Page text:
Culmination of cuisines

Mangalorean food draws from the flavours of surrounding regions and has developed its own distinct taste

Updated - June 23, 2015 12:17 pm IST

Published - June 19, 2015 07:26 pm IST

Photo: V.V. Ganesan

Photo: V.V. Ganesan

Think coconut and curry leaves for Kerala cuisine. Idlis are intrinsically Tamil, while kosambari is Udipi. Add a good dose of seafood to the mix. Drawing from the influence of these strong cuisines and the communities — Bunt, Brahmin, Poojary, Jain, Catholic, Protestant and Beary — that surround this port town in coastal Karnataka, you have the mouthwatering taste of Mangalorean cuisine. Madras, the South Indian speciality restaurant at The Raintree, Anna Salai, is showcasing the cuisine in a food festival that is currently on.

According to Shireen Sequeira, a Mangalorean who chronicles recipes from her native cuisine on her blog >Ruchik Randhap (Delicious Cooking) , the ingredients that are used in Mangalorean cuisine are mostly seasonal and local. This includes coconut in all its forms, spices such as fresh and dried chillies, pepper, coriander, cumin, turmeric, cardamom, cloves and cinnamon and tamarind or sol (called Monkey Jack, a dried fruit similar to kokum) as souring agents.

Executive sous chef at The Raintree, Litwin Shanjit, adds that it is quite a fiery cuisine, with the heat of byadge chillies.   

“Mangalorean cuisine on the whole is largely influenced by South Indian cuisine. We share our food habits with other South Indians as the ingredients we use are the same,” explains Shireen (see box).

However, the cuisine also has some unique combinations, such as mushrooms and drumstick in a saaru (rasam). “What seems like unique combinations to the rest of the world is actually very regular to us Mangaloreans, as most of these combinations were created by housewives who were required to stretch the rupee to sustain a large families that were usually supported by sole breadwinners,” says Shireen.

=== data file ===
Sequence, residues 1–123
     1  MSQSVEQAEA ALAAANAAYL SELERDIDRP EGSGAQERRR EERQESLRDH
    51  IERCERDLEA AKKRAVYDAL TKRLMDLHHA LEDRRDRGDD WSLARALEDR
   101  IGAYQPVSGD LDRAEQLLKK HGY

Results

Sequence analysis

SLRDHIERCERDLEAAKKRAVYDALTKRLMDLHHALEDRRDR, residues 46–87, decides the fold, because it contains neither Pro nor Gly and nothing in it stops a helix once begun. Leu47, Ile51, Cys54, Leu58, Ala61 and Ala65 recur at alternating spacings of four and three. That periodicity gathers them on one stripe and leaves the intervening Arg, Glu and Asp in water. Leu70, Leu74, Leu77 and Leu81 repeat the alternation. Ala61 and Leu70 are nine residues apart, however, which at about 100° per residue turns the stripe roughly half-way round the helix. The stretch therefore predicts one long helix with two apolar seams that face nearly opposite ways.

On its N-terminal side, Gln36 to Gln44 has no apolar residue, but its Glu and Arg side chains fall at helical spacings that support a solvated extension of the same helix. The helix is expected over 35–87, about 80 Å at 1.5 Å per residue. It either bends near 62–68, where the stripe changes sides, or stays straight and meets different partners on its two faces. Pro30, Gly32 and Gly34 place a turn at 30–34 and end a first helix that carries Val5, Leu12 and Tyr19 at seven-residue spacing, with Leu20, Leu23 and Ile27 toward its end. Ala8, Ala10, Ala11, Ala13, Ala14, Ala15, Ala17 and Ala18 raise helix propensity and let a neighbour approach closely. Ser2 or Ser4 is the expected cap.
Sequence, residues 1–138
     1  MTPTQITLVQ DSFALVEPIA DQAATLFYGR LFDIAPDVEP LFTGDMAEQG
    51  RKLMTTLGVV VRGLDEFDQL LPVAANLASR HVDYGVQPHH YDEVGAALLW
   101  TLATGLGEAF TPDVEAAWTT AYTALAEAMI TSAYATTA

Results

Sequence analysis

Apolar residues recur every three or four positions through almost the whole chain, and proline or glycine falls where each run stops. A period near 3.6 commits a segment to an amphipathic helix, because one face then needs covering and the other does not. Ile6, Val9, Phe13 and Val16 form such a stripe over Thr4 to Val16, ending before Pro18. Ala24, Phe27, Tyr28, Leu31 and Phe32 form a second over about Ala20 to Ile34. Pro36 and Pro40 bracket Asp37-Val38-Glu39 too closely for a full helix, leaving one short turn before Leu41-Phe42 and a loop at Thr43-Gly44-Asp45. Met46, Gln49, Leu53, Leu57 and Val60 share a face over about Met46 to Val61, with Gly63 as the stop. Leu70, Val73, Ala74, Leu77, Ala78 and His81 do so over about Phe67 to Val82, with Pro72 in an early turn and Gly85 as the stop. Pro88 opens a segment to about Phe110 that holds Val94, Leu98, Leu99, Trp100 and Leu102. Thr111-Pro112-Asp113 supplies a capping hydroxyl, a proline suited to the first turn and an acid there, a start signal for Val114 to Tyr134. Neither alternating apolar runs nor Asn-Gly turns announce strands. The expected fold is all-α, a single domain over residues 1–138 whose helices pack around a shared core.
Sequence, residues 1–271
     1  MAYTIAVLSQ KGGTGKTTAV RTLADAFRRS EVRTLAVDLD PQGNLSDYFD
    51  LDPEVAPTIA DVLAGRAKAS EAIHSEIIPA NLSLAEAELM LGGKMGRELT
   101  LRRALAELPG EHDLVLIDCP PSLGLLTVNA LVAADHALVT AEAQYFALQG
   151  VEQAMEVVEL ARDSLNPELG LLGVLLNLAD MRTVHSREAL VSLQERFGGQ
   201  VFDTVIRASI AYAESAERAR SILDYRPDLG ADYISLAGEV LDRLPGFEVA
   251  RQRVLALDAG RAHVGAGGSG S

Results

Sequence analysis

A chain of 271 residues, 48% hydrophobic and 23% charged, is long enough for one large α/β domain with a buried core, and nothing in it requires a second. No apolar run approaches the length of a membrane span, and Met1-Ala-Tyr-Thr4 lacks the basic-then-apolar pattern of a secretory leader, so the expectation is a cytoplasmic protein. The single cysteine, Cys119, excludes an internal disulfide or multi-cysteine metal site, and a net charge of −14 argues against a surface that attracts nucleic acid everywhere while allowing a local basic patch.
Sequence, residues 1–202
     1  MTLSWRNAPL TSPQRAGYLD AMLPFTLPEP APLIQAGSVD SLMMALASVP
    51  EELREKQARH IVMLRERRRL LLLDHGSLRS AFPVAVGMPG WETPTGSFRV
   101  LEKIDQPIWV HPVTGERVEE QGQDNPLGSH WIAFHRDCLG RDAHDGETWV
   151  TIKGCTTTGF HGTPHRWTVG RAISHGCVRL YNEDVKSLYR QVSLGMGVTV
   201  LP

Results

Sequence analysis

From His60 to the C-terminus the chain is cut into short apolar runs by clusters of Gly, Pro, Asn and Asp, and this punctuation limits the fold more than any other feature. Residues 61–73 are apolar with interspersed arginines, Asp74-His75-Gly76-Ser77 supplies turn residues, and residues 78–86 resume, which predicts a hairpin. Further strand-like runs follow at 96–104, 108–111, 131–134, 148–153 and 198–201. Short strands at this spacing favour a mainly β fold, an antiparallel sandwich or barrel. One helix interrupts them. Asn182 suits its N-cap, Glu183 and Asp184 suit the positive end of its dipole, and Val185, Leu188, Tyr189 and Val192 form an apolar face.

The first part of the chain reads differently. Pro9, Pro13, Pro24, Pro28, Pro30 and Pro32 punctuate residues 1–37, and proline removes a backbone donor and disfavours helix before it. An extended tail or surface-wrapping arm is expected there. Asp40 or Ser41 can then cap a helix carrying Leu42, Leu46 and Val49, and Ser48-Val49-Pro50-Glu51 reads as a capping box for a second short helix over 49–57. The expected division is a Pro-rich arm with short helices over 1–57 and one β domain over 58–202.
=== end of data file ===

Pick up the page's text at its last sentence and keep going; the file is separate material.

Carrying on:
And so there are several popular combinations like prawn and breadfruit curry, dried fish and raw mango curry, bafat style pork with yam, raw banana, sweet potato or radish, steamed colocasia leaf cakes (pathrade) dunked in mutton curry, winter melon with mutton. Vegetarian options include spinach curry with black eyed peas or dal, ridge gourd peel and coconut chutney and raw jackfruit and black channa sukka.

Chef Litwin says that it is the seafood that is typically Mangalorean, while the vegetarian options are bolstered with some Udupi dishes. The manji tawa fry — masala pomfret cooked on a hot griddle — is covered in a fiery red paste and is tender and flavourful. Cauliflower florets and boneless pieces of chicken, coated in a Mangalorean chilli marinade and fried to crispy perfection; it’s served with a smattering of golden cashews. The signature chicken curry, kori gassi, is served with paratha, Mangalorean rice wafers (kori rotti) and a tomato dosa that is delicious with the small serving of pineapple raitha that comes with it. The sweetness and acidity of the fruit cuts across the spiciness of the other dishes, including the mutton sukka, and lady fish gravy.

It’s a type of cooking that’s well-known, but cannot be termed as popular as the ones it has evolved from. Shireen agrees that Mangalorean food is not mainstream, but is popular  if you go by what Udipi cuisine has given the world, as both were part of the same district till a few years ago. However, she says, “Since most people perceive coastal cuisine to be limited to seafood, restaurants also market the cuisine with that in mind. Mangalorean cuisine is so much more than that. It is a conglomeration of so many sub cuisines that we have so much more to offer than just seafood. Our cuisine can promise to tickle taste buds with the kind of variety we offer.”

The Mangalore Spice Junction festival will be on at Madras, The Raintree, Anna Salai, till June 28.

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